US steel mills lifted selling figures rapidly, in recent months, due to the expectation of rising import prices and supply shortages, following the Section 232 investigation. After the announcement of a blanket 25 percent tariff, it was specified that NAFTA partners, Canada and Mexico, would be excluded from the measures. Subsequently, a number of countries sent delegations to the US to discuss the possibility of exemptions.
On March 22, the day before the tariffs went into effect, Trade Representative Robert Lighthizer stated that the imposition of duties would be “paused” for material sourced from the European Union, Argentina, Australia, Brazil and South Korea, while further discussions take place. It is expected that other nations, such as Japan, may attempt to petition the US authorities for a temporary reprieve. Despite the exclusions, US steelmakers are expected to continue to attempt to lift selling prices, in the coming months, as delivery lead times extend.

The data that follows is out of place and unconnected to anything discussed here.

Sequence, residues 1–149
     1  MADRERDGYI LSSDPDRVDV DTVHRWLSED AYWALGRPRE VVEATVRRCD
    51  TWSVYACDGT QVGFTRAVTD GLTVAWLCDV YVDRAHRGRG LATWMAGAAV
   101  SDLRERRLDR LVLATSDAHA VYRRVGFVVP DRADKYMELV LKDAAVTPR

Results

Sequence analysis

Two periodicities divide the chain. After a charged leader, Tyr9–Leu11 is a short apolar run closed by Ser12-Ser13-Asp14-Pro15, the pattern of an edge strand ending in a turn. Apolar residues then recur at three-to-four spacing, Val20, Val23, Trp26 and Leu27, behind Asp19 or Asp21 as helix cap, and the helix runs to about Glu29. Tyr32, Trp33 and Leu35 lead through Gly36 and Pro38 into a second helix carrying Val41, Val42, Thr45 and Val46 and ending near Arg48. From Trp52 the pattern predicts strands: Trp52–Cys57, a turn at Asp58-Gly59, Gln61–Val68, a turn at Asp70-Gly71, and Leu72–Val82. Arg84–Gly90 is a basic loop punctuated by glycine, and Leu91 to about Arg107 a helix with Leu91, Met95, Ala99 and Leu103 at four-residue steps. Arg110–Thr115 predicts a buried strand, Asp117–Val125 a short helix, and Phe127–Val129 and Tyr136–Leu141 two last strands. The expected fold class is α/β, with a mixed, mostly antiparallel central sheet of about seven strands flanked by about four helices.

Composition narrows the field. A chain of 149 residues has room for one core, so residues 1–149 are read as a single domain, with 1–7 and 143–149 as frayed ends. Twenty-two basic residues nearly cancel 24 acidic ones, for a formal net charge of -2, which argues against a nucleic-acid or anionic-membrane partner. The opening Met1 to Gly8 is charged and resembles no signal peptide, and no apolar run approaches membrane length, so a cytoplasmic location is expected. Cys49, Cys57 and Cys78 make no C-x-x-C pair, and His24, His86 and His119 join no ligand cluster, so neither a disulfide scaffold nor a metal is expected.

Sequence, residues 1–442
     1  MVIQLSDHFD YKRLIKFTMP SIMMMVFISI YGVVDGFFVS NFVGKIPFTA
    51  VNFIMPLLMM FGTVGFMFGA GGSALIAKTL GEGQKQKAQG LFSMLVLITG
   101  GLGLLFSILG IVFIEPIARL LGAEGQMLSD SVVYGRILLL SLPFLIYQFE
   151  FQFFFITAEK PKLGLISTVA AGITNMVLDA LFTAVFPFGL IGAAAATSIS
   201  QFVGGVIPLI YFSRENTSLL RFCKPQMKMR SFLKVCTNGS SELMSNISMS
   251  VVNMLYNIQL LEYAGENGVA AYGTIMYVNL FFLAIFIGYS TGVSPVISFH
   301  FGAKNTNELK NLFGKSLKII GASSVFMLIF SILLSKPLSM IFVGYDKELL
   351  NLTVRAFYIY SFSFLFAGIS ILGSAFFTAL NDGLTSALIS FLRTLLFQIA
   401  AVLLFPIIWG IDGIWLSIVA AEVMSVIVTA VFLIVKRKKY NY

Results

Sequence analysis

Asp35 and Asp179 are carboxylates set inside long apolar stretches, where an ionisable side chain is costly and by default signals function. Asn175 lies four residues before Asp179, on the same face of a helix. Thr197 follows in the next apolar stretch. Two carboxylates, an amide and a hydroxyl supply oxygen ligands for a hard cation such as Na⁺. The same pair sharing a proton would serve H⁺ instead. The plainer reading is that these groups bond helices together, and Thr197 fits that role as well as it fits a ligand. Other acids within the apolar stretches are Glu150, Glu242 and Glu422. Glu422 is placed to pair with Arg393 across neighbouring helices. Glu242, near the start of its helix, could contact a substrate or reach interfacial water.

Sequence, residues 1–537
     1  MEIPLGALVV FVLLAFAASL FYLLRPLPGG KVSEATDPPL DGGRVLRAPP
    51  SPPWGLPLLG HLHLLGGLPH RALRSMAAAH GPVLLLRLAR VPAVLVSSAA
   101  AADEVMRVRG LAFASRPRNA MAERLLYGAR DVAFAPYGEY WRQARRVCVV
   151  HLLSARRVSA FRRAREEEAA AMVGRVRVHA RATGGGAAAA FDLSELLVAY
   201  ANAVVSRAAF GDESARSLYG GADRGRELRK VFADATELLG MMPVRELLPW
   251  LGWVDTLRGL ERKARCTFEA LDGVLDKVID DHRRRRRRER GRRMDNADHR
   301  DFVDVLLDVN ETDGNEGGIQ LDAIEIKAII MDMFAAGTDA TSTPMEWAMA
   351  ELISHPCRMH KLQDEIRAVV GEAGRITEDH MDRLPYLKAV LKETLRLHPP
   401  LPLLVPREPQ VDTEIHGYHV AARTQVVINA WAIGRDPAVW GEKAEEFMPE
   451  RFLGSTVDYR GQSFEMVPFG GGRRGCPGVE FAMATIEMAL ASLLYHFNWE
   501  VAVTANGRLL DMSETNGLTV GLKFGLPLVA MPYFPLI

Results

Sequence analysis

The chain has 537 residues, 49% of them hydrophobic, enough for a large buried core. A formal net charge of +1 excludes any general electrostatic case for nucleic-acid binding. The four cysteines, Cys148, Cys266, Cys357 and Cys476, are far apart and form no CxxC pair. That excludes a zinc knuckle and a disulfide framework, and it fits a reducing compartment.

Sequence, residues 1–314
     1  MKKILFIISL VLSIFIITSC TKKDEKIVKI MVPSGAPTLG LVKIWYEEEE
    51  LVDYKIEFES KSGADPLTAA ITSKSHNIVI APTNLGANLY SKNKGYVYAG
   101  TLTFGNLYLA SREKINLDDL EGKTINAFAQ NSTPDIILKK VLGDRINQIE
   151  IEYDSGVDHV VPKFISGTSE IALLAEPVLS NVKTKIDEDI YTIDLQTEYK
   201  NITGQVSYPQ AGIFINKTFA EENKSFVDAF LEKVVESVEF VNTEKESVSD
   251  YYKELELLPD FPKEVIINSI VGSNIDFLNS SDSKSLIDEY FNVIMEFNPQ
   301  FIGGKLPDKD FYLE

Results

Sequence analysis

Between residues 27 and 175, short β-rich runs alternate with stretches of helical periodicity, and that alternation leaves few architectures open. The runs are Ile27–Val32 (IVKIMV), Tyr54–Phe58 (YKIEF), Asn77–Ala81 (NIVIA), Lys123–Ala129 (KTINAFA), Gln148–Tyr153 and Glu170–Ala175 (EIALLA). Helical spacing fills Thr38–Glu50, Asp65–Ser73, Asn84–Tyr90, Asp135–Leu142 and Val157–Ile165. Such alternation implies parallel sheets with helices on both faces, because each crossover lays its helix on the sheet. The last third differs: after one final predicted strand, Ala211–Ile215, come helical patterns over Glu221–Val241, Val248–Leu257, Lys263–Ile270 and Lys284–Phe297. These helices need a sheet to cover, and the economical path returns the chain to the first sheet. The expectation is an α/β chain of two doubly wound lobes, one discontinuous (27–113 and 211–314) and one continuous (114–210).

The manner by which the policy has been implemented has caused a great deal of uncertainty for supply chain participants, both in the US and globally. Domestic end-users voiced their concerns that elevated steel prices would result in a loss of competitiveness. Steel mills worldwide feared that imports would be redirected into their local market. Furthermore, the blunt nature of the proposed 25 percent tariff did not take into account the complexities of the steel sector. A number of finished steel products are not produced in sufficient quantity, in the US, to meet local market requirements. Furthermore, steel slabs imported by re-rollers, predominantly those located on the West Coast, are a fundamental part of the supply chain.
The appeals process for exclusions was formalised just days before the tariffs came into effect. The market is now likely to endure further uncertainty, in the coming months, as the full extent of the measures are revealed.